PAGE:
Remember my oily comrades, we’re not going to have wrinkles.

This is perhaps the only form of consolidation that those of us with oily skin can get. Other than that, it’s one slippery battle we have with keeping our sebum production at bay. Still, it’s a common enough skin type that’s been targeted by the beauty industry, and though it may be a persistent problem, it’s an imperfection that can be easily tamed.

By tending to your skin’s sebaceous glands, you’re not just preparing a cleaner canvas for your make up routine. You’re also eliminating the chances of oiliness’ pesky offspring to sprout up. There’s nothing worse than trying to camouflage acne and zits with foundation; if anything, it just makes it look worse.

So here are a few tips to rid yourself of an unbearably greasy layer:


Sometimes, it’ll take more than your regular cleanser to scrub out the grease. Pollution from an urban environment and leftover make up can also leave their residue on the face, and this certainly doesn’t help oiliness. You’ll want a pre-cleanse product to melt away these impurities along with the ostensible layer of sebum. Look for an emulsifier that contains tea tree oil and lavender oil, as these will erode counteracting oil-based creams such as sunblock and foundation.


Though daily exfoliation can be a little bit harsh on the skin, there are exfoliators specifically designed for oily skin that are gentle enough to be used everyday. This will scrub off dead skin cells produced by sebum, leaving your skin looking brighter and feeling softer.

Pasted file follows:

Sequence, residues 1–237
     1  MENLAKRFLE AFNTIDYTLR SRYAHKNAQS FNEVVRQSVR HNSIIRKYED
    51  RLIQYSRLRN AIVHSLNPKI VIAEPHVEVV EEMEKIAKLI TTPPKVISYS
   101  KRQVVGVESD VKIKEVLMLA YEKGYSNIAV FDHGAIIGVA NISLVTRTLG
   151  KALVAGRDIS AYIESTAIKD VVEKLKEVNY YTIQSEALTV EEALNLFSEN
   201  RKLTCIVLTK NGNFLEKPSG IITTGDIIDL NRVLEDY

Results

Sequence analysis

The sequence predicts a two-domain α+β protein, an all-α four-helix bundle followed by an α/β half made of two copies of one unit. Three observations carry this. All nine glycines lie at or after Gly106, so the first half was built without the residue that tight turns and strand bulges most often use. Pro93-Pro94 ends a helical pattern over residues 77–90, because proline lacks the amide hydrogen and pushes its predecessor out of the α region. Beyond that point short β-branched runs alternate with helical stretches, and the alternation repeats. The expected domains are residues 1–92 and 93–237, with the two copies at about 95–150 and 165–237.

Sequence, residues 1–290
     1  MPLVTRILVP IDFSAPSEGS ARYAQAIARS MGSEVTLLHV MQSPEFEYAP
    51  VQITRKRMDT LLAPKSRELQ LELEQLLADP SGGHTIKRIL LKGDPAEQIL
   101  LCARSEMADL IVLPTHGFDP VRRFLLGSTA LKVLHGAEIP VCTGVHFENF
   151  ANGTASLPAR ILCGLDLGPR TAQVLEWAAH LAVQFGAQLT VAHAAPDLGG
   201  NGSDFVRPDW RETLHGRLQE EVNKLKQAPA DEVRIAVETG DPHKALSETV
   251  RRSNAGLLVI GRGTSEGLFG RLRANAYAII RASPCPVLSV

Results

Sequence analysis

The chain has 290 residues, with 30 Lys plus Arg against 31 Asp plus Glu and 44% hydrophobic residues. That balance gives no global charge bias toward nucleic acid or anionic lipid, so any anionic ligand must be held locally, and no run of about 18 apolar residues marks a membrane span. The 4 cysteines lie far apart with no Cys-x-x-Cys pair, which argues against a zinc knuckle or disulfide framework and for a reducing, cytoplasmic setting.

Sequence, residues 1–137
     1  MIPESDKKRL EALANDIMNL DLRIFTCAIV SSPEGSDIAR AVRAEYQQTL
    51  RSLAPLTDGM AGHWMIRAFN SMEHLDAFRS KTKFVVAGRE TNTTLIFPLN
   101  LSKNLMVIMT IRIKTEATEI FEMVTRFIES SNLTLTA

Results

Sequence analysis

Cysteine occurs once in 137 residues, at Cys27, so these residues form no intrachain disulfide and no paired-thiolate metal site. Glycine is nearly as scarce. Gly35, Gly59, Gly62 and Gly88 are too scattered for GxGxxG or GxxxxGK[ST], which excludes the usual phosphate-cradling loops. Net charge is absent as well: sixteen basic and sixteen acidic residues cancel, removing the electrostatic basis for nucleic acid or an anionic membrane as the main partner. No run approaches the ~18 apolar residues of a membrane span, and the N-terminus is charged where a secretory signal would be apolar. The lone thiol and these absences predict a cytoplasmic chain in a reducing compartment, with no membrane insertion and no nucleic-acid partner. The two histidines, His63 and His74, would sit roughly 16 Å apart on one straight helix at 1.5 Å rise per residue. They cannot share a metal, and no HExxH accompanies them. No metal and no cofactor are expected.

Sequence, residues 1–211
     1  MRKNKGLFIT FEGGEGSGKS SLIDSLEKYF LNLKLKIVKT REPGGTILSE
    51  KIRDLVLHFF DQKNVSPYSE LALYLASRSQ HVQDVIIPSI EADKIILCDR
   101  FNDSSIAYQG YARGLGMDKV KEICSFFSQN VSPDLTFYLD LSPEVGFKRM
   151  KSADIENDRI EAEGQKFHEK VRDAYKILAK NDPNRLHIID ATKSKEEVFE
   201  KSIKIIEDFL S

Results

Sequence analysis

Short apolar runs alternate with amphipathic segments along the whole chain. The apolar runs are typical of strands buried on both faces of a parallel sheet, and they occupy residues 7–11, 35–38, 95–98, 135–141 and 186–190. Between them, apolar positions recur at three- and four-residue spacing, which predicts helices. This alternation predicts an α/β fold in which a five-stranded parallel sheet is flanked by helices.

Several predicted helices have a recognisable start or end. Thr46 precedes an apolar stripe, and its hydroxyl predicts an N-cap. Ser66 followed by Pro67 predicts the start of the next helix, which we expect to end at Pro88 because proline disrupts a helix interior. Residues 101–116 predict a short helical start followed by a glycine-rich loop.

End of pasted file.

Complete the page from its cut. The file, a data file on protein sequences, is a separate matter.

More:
Weekly Mask

As we’ve said before, the industry has left no stone unturned when it comes to curing oiliness. Find a mask that’s specifically designed to purify and deeply cleanse the skin. Salicylic acid and clay masks will be your best bet. However, do make sure that it’s only applied once a week, because if you strip away too many essential oils, your sebaceous glands will be further encouraged to produce more to counteract dryness. In fact, you might not have to apply it to your cheeks if it’s just your T zone that’s giving you trouble.

Foundations for Oily Skin

Look for a foundation that’s been designed for oily or combination skin. These tend to be lighter in consistency and are sometimes even water based. Some of them even have a lovely matte powdery finish that will allow you to skip this step in your make up regime, thus requiring less layers of make up.



Primer for Oily Skin

Combine your foundation with an oil-combating primer to make your matte finish last longer. However, you might want to experiment with this, as merging a foundation for oily skin with a shine-minimising primer might lead to a dry and flaky appearance. After all, you don’t want to strip the face entirely of its moisture.


No matter how professional your products are, you’re still going to get a bit of shine towards the end of the day. Invest in some good-quality blotting paper to assist this, and gently press down on oily areas, making sure not to rub your make up off. Some are even equipped with an in-built ingredient similar to a setting spray.




Do you have oily skin? How do you combat it?

Let us know in the comments section below.